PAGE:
My Day to Cook
for Beth and Manny
Saturday was my day to cook. In many households this would be no big deal, but I am what my wife calls “kitchen challenged,” and Kim does almost all the cooking. The exceptions are when I make the morning coffee and, some days, put the Cheerios on the table.
But Kim told me that all she really wanted for Christmas was “a day,” by which she meant a day when she did not have to plan, prepare and present three meals for her higher-maintenance-than-he-appears husband. She wanted to read, do stuff on her computer, and go out with a friend to take some photographs. Things that are part of my job description.
Three meals? No problem.
For breakfast I decided to serve my beloved wife a four-course meal: juice, cereal, coffee, and toast. Kim had briefly suggested oatmeal but thought better of it when she realized it involved cooking.
Lunch proved more ambitious, though it only involved one course: a fried egg sandwich. I remembered that Kim had told me that we had several frying pans with different surfaces suited to different cooking challenges. Now, I had cooked plenty of fried eggs in my bachelor days, but that was back when I only had my trusty (now rusty) cast iron pan. So I had to guess, and apparently I guessed wrong.
The eggs that I successfully cracked and dropped onto the pebbly surface worked their way down into the network of crevices in a way that made it impossible to slide the spatula under them. So when I attempted to turn them over, the result looked a lot like scrambled eggs that had been pressed by a hot iron. But hey – I’d gone the extra mile in serving the eggs between toast rather than bread. And besides, she would not be able to see the eggs in the sandwich unless she wanted to apply ketchup, which she did. I offered to do the dishes, and I managed to slip the frying pan, with its film of hardened egg white, into the dishwater before Kim could see it.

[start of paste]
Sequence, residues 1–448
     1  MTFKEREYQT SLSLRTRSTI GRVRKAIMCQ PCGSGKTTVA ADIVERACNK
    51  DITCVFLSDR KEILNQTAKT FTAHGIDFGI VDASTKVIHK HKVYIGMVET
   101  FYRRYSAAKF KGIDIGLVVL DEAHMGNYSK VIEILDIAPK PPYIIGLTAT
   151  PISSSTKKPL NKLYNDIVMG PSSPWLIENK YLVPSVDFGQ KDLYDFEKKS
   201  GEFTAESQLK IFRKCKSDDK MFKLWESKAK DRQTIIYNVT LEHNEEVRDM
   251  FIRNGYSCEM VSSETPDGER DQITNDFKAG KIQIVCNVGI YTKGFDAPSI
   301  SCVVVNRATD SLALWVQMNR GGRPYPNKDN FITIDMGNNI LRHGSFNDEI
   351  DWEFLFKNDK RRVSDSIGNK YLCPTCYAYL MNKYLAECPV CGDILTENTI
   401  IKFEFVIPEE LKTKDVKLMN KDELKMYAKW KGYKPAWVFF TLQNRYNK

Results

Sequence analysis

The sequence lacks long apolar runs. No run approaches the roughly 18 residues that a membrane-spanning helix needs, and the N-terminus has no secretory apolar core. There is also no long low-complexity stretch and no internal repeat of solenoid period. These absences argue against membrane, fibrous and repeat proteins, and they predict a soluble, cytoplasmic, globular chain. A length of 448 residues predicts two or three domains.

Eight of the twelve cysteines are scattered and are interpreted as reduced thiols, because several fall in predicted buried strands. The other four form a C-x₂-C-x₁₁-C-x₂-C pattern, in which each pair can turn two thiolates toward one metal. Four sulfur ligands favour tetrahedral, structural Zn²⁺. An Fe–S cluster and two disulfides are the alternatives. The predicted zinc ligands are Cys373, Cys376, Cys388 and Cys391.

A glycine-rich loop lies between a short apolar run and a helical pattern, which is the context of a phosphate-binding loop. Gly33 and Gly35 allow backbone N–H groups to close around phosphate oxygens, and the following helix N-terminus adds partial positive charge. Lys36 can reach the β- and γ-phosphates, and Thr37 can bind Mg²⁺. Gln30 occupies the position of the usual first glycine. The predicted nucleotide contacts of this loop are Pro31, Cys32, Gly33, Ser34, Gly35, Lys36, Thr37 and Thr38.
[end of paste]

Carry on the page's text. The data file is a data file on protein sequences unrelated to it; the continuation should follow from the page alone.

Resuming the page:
Outstanding as my breakfast and lunch had been, dinner was even better. On the menu was Chicken Caesar Salad. I had thoughtfully (Kim reminded me) removed the frozen meat from the freezer to thaw in the sink and washed the romaine lettuce. The challenge of the afternoon was to find the recipe for the dressing. After about twenty minutes I found it in the recipe file, in the section labeled “Salad Dressing.” I was proud of myself for knowing the difference between “T” and “t” (Kim reminded me). The only real problem was that I had neglected to check that I had all the ingredients, so I had to make a quick trip to the grocery store.
Sometimes cooking involves mysterious transformations of the food. I learned this when I opened my nearly thawed chicken and discovered that it had transformed itself into nearly thawed pork chops. Undeterred, I sliced it into strips, and dropped it into the frying pan with – just for the hell of it – two slices of bacon. My research on Chicken Caesar Salads had taught me that sometimes rosemary goes with chicken, and I recalled Simon and Garfunkel singing something about “rosemary and thyme,” so I splashed some of each of them on the pork and bacon. This, along with the bacon, was my creative flourish.
I got out the wooden salad bowls and noticed a problem: the bowls were too small to hold a salad-themed meal. I needed reinforcements. Fortunately Kim had baked some cornbread on Friday, so I served up some chunks of it on a nice plate. Still not enough. I found some leftover cranberry relish that Kim had made for Thanksgiving. Would this “go with” my Pork Chop Caesar Salad? Sure, I reasoned. Cranberry relish goes with turkey – duh! – and chicken is a lot like turkey. And chicken was what I had meant to serve in my salad. Works for me.
The finishing touch – a large glass of wine. Served before dinner, just to loosen things up. I was confident in the success of my meal. What were the chances that Kim, emerging from a session of photo-editing, would complain?
It was the perfect crime. One I would attempt to surpass the following Saturday. Unless Kim says she’d rather cook.